I was fresh out of a course, having problems finding a job in my area. You had to have at least three years experience to work anywhere. It was definintely disheartening. Then I decided to broaden my search area to include places a little bit farther away. Not even a month after I did that, I got a job. The drive is long, and I don't get to see much of my family at all during the week, but we all know it will be worth it in the long run.
 

shortie5801

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Local va jobs

Kelly, I just want to say thank you for sharing the information on jobs for Medical Coders. I will take the CPC exam in two months and was wondering where to look for jobs,although I have been in the medical field for 12 years. My instructor told me that I should not have any problems finding a job,so I am applying for a position at the local VA. Will keep you posted on the outcome.:)

[/COLOR]
Not sure how close any are located to you but the
local VA hospitals will hire coders that have just graduated and will train you.

I know it is frustrating. I have 12 years of coding experience. Once I had my daughter I knew I wanted to stay home and opted to apply for remote coding positions only. Even with my experience and background it took me a full year to find a position.

Do not give up and stick with it.....
 

rthames052006

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I know this "post" has been going on for about a year now but I read every single post all 8 pages!!! I have a theory about these community colleges who "guarantee" students they will get a job right out of school.... I actually taught an ICD-9 class at a community college and one the first night of class I had students telling/asking me about salary, taking the CPC exam you name it they asked... I was very honest with them and they did not like it??? This is the real world and I would not lie to them and tell them yes it's easy to get a job after taking some classes because it is not... I had one of the students report me to my boss for telling her information that differed from what the school had told her. To make a long story short I finished teaching the class but decided it wasn't for me. I refuse to tell a student a lie or something that is not "definite" there are no guarantees in life at all???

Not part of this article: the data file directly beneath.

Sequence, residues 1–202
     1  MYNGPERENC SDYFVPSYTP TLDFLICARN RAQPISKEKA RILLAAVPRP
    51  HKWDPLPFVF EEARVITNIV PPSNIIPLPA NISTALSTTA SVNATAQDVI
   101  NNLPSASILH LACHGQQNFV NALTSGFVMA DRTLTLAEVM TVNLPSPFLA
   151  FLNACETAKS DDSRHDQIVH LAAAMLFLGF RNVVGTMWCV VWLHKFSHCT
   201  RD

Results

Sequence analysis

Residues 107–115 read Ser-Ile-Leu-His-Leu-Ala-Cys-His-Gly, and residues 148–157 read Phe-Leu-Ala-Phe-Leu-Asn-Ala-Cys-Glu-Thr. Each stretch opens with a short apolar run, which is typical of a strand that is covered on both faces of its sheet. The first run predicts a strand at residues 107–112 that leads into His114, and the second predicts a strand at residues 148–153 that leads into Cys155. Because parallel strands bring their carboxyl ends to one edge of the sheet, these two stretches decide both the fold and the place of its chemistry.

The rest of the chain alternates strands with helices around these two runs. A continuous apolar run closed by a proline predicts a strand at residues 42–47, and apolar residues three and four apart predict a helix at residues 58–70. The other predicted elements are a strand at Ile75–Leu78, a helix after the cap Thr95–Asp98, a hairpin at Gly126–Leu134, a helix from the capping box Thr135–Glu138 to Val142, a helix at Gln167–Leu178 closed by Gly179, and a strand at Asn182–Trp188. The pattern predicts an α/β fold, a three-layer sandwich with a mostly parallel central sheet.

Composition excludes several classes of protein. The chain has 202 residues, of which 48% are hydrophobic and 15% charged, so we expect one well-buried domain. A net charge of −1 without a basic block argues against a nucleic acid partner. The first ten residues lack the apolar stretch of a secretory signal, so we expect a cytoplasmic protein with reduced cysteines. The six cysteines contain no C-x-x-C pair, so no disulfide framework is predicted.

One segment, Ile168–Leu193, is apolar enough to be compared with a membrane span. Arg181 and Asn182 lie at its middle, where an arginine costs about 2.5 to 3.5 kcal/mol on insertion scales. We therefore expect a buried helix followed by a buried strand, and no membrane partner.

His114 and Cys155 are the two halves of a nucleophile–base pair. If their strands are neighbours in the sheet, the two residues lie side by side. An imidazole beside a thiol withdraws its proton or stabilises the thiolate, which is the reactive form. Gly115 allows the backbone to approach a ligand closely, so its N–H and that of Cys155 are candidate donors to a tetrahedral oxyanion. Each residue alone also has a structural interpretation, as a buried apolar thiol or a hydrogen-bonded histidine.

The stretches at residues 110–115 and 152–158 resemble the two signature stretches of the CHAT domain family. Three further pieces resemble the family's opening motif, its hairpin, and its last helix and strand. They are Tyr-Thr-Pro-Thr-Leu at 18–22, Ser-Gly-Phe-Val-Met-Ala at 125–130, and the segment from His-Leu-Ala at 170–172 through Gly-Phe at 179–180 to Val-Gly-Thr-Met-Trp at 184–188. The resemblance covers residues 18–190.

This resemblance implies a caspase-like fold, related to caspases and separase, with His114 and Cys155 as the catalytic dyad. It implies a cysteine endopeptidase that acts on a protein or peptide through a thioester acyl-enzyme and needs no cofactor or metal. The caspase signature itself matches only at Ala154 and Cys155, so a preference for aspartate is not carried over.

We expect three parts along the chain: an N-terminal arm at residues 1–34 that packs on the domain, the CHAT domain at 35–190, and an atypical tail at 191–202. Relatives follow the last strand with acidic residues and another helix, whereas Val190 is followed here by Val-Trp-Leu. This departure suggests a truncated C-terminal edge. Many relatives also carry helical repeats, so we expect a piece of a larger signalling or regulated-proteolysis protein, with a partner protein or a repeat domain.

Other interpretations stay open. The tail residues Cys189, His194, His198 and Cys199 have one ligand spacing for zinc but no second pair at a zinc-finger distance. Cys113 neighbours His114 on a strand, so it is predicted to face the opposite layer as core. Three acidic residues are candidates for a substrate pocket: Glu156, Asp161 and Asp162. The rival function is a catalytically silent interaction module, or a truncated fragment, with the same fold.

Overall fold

I am now a billing manager for two family practices and I just recently hired a girl right out of school ... why you might ask because I feel everyone deserves a chance to prove themself. She was so thankful to me for giving her the chance to "try" to "learn" will it work out for her, I hope so and I realize I have alot of work ahead of me training someone fresh out of a billing/coding school but like I said we all deserve a chance, too bad some employers don't see it like that, mind you this position I filled is not a coding position but an entry level billing position. I actually picked a newbie over a girl who had previous billing experience but left the billing/coding scene back in 2005.

My advice to everyone out there keep plugging away, it will pay off in the end.

Good Luck to you all
 

becka95

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I can relate to your post. I was lucky enough to "work" my way into coding. I started literally worked from the bottom.. Working in a hospital on the overnight shift in the ER. Eventually a position opened up in the billing department and I was able to transfer there. I did not take a coding course but learned what I know on the job. There were many people that where hired and there seems to constantly be conflicting information about the coding environment, guidelines, claims etc.